Socialist Appeal notes with sadness the untimely deaths of Andy Viner and Brian Haw at the weekend and sends condolences to their families and friends and the many people who knew them. Here we pay tribute to them and the role they played.
Socialist Appeal notes with sadness the untimely deaths of Andy Viner
and Brian Haw at the weekend. Below we pay tribute to them
and the role they played.
Andy came into socialist politics with the Militant during the heady days of the 1980s and was a fulltime worker for a period in the industrial department, being involved with the establishment of the Broad Left Organising Committee (BLOC). Later he became a train driver for London Underground, becoming an active member of the ASLEF union. He was involved with Socialist Appeal for a number of years, contributing many articles (as Steve Tree) on the industrial situation and the history of the movement. Recently, he had been elected to an effective fulltime position in the union which was a reflection of his standing amongst ASLEF members. Although he had developed sharp differences with Socialist Appeal in the last few years, he had remained involved in the Labour movement, playing for a time a role in the LRC, and in the union. Sadly he was fatally injured in a car accident over the weekend. We send condolences to his family and friends at this sad time and pay tribute to his many years of activity in the trade union movement and in the ranks of Marxism.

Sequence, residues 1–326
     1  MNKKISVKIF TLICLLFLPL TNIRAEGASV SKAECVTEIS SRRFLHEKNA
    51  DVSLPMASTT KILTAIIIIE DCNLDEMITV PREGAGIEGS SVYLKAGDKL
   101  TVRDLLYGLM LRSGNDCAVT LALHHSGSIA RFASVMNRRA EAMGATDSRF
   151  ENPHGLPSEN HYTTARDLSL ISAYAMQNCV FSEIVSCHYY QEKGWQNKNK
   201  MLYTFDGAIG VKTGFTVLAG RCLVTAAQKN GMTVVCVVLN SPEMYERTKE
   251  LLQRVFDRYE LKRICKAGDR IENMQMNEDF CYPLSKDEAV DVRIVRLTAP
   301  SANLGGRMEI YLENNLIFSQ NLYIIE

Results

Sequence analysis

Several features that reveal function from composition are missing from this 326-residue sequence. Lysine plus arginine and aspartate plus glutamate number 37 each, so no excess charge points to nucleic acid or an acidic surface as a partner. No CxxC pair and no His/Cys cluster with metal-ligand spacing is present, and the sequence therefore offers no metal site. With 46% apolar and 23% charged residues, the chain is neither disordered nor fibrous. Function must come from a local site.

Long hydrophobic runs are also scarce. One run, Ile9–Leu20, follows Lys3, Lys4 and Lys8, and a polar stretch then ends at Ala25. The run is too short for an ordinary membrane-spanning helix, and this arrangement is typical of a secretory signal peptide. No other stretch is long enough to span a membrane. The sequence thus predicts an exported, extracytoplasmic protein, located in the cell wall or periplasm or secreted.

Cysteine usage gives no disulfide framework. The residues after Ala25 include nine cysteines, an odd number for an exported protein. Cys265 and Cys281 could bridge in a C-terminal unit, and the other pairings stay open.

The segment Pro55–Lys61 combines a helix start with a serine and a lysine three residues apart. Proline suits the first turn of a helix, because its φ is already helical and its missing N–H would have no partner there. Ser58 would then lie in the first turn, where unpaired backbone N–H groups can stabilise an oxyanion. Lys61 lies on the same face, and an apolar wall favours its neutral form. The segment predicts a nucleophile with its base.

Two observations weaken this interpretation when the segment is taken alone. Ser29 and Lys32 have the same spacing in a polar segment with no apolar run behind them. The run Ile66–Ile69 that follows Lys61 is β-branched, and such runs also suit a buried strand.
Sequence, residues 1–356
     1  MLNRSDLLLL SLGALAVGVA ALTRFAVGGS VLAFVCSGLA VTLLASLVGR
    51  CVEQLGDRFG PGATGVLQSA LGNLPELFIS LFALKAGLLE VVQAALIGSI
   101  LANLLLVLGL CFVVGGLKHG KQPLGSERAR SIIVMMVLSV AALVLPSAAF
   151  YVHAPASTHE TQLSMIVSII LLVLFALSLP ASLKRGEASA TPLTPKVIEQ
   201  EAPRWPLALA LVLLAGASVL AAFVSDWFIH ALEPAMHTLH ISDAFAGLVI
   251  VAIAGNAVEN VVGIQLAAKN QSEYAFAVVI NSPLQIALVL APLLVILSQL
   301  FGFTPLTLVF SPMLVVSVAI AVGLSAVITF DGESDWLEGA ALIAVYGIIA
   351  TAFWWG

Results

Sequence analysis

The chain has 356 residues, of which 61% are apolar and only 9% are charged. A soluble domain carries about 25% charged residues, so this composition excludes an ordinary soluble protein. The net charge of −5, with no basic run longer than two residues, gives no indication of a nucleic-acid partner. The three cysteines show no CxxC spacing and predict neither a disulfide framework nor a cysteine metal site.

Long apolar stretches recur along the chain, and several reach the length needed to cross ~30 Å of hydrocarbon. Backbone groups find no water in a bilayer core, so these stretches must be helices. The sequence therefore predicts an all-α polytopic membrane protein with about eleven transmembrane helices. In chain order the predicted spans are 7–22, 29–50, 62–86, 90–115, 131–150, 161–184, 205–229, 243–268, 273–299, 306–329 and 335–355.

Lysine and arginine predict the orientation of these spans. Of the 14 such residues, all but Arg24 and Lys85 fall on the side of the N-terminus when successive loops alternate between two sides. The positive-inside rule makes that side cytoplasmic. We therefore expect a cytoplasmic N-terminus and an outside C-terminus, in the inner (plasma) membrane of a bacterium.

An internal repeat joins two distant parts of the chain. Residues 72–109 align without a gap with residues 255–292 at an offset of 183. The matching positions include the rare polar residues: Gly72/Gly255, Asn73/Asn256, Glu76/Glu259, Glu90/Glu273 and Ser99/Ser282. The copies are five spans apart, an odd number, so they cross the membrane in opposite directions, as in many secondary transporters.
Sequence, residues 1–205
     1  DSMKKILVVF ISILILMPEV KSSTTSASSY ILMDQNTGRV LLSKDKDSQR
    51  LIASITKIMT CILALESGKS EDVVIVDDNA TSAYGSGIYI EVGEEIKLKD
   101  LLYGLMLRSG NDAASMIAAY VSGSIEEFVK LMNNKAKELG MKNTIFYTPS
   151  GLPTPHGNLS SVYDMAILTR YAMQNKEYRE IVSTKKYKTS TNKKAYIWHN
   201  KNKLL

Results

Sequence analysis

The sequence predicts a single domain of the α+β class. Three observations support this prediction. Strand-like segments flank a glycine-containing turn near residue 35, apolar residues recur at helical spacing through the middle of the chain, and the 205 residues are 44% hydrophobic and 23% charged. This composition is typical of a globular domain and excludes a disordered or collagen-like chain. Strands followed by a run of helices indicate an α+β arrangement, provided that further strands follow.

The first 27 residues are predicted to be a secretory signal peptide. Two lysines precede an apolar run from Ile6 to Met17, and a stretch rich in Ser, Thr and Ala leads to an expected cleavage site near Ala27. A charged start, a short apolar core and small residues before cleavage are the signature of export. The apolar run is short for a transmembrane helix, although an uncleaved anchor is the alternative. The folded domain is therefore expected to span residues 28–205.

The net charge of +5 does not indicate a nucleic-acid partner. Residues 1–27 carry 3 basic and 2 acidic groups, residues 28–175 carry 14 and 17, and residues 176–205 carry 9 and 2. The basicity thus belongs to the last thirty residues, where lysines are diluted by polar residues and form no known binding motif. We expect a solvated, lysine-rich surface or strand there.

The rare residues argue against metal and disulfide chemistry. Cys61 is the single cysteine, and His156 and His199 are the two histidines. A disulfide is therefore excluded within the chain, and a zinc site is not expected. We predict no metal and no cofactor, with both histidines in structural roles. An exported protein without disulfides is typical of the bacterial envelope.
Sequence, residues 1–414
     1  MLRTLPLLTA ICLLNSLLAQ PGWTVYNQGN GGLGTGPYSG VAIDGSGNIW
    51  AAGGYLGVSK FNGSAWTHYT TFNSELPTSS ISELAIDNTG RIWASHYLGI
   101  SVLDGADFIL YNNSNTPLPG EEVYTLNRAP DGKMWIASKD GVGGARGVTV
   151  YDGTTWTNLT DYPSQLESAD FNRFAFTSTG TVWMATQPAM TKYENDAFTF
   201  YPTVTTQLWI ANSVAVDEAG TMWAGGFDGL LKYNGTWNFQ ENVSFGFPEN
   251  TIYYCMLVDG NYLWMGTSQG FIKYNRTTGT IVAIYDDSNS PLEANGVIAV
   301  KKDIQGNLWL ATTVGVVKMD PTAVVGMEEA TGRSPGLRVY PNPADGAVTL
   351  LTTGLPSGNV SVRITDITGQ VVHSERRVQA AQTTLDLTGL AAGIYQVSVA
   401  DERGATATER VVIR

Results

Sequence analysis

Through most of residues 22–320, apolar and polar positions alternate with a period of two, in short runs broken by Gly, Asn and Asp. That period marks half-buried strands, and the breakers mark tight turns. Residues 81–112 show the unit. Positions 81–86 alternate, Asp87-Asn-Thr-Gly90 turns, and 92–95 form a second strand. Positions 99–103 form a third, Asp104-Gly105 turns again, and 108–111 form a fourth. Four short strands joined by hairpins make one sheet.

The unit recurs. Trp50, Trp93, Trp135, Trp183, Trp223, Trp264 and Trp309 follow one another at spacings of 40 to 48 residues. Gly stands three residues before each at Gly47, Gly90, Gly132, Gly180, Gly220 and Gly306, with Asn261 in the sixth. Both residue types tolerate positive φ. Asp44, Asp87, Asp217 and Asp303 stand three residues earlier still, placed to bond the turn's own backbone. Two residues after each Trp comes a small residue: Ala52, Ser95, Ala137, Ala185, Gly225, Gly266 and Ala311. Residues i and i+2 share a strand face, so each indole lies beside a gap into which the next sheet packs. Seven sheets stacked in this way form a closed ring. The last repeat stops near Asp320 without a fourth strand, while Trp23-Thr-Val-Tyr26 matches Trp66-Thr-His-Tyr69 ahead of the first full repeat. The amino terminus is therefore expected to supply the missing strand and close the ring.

His funeral will take place on Friday 1 July at 15.30 at St Helens
Church in Wheathampstead. Andy’s daughters want it to be a celebration
of Andy’s life and say mourners should feel free to wear what they want.
have also asked that any money that might have been spent on floral
tributes should be saved and send to a charity that will be nominated
For a decade Brian Haw was a regular fixture outside parliament in his peace camp, making a lone protest against war. He stuck it out in all weather conditions and in the face of constant and vicious harrassment from the authorities who saw his presence as an embarrassment. His vigil cost him his marriage, contact with his family and, finally, his health. They tried everything to get rid of him and his growing band of supporters. They even drew up new laws aimed at moving him on, only to discover that the law was so badly worded as to be useless. Still he remained, holding to his anti-war message, deeply affected by the loss of life in Afghanistan and Iraq. Sadly he was a heavy smoker and the years of exposure to the elements ensured that he had little in him to fight the onset of the cancer which took his life at the weekend, aged just 62. We salute his single-minded determination and his commitment to principles which serve as an inspiration to the many fighting the system and its brutalities.